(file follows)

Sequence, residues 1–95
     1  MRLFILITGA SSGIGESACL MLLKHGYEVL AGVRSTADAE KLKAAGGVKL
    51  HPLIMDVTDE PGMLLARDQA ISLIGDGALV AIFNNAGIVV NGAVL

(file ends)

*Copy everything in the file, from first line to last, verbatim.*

Sequence, residues 1–95
     1  MRLFILITGA SSGIGESACL MLLKHGYEVL AGVRSTADAE KLKAAGGVKL
    51  HPLIMDVTDE PGMLLARDQA ISLIGDGALV AIFNNAGIVV NGAVL